Things have changed. The “Four Spiritual Laws” or “Evangelism Explosion” no longer work for many. People are losing their identity. They long for human rights and personal dignity, but these things only come from God the Creator, whom they reject.
In the first few verses of John 9, Jesus comes across a man born blind … born blind so “that the works of God might be displayed in him” (v. 3). He spits on the ground, forms mud, rubs it on his eyes, and tells him to go wash it off in the Pool of Siloam. After doing so, the man is healed. The drama that unfolds in the rest of the chapter is eye opening, not least of all for the four lessons it has for the local church.
We begin by acknowledging not just the possibility of false teaching, but the certainty of it. We should not be surprised to find false teaching in the church today. Jesus and his apostles are very clear that false teachers will arise. They promise it.
During the past few decades, our culture has become increasingly invested in avoiding the reality of losing. You get a trophy just because you’re on the team; you get a passing grade just because you’re breathing. With this mindset, there aren’t any losers and nobody ever fails.The problem with this mindset is that it approaches failure as if it is something bad—something to be avoided at all costs. It implies that failing is so horrible that we can’t even mention it—because we’re all “winners”!
Sometimes at a Christian college, especially one taken over by heretical ideas, those students are using the Bible and using the name of Christ to defend the very thing that Christ came to deliver you from: sin. If I go to a secular campus and say I’m a Christian and believe that sin distorts, distracts, and manipulates every human being, students will often say, “Tell me more. We are curious to know about the problem of evil.”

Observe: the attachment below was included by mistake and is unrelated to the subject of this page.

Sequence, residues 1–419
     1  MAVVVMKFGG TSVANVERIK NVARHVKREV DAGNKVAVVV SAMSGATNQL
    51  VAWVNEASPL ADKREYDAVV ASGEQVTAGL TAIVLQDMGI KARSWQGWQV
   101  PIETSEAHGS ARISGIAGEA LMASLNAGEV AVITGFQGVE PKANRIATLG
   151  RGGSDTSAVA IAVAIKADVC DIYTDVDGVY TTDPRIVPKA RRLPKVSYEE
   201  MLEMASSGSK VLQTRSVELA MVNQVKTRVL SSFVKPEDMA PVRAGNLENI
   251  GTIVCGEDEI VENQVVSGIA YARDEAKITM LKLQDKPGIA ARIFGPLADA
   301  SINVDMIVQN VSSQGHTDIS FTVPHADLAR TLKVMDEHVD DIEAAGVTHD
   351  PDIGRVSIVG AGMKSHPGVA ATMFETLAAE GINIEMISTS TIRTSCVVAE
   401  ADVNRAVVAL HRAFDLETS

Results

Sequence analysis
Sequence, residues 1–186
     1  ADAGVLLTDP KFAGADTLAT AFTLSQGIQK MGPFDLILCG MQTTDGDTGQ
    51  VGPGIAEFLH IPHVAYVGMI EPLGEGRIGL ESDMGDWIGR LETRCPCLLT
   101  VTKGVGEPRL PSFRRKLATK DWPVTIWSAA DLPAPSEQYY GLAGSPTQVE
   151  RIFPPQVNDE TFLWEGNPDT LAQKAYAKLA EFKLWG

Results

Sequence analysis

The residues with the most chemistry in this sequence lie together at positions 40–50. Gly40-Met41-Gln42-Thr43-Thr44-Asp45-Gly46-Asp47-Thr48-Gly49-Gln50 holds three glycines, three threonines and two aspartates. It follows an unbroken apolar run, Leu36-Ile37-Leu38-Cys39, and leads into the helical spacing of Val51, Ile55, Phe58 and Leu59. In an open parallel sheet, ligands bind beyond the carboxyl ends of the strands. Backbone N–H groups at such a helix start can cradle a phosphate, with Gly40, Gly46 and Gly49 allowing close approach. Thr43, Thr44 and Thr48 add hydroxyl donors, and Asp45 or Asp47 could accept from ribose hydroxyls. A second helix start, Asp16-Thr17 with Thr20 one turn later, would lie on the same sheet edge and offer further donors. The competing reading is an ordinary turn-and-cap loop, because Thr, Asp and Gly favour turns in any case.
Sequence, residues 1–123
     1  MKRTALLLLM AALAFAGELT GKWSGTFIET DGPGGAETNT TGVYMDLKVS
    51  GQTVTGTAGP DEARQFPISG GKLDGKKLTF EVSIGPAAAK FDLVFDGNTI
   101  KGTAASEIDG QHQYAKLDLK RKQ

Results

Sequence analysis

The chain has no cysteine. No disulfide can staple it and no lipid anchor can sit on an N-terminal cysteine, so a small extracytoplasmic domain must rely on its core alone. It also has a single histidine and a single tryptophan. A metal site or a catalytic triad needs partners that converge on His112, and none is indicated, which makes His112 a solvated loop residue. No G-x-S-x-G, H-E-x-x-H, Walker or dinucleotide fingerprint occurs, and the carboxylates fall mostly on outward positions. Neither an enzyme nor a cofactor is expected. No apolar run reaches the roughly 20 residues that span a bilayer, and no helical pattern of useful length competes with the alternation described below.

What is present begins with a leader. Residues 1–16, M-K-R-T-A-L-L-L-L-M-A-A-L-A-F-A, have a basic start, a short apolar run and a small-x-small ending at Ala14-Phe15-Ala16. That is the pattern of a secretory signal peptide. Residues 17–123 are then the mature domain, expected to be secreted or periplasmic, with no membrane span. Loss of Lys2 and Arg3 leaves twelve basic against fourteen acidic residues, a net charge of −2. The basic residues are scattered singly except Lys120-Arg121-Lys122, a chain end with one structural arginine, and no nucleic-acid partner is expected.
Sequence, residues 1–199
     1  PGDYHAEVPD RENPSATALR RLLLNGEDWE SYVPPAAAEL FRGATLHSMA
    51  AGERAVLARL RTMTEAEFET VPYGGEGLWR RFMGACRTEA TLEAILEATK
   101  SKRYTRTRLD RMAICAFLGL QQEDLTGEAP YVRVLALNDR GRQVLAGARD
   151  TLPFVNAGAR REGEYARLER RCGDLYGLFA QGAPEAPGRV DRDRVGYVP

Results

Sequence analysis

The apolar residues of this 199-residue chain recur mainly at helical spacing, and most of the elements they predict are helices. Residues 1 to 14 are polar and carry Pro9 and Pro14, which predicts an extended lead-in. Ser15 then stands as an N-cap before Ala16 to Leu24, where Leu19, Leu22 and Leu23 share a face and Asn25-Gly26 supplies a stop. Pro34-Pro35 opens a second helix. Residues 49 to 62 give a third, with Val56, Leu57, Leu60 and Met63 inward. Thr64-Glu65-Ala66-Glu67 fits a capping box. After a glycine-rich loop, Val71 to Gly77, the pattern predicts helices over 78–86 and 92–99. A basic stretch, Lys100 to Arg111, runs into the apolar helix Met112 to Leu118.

With today’s ever-changing political environment, it is very easy to complain and not pray for our leaders. And, yes, many are deserving, sadly, of the comments they receive. Yet, the Bible tells us to pray for our leaders:
While British English may rightfully claim the honor (honour?) of having anteceded its American cousin, there is no doubt that today American English is the defacto English in the world. Below are a few charts generated using Google Ngram Viewer that show the decline of the frequency of British English and the rise of American English in its stead.
The truth is, you don't need to have the perfect environment to live out God’s perfect purpose. You don't have to be free of a micro-managing boss to be happy. While you’re not obligated to stay in a toxic work environment, God has told us, “Whatever you do, work at it with all your heart, as working for the Lord, not for human masters" (Colossians 3:23).
I am a strong believer in protecting the constitutional rights of LGBT people. In the same way, I believe strongly in protecting the constitutional rights of religious Americans. Thus, I agree with the USA Today editors when they say, “When rights like these conflict, it’s in the best American tradition to work out an accommodation. The force of government should be on the side of protecting the broadest possible scope for both rights, not on the side of rank discrimination.”
I am sorry for my hard-heartedness and my crippling sense of helplessness. I regret that I have not done more to reach out to brothers and sisters in Christ who experience America today in a very different way than I do. I lament today and join my heart to others who sorrow. I want to work harder to build a better world.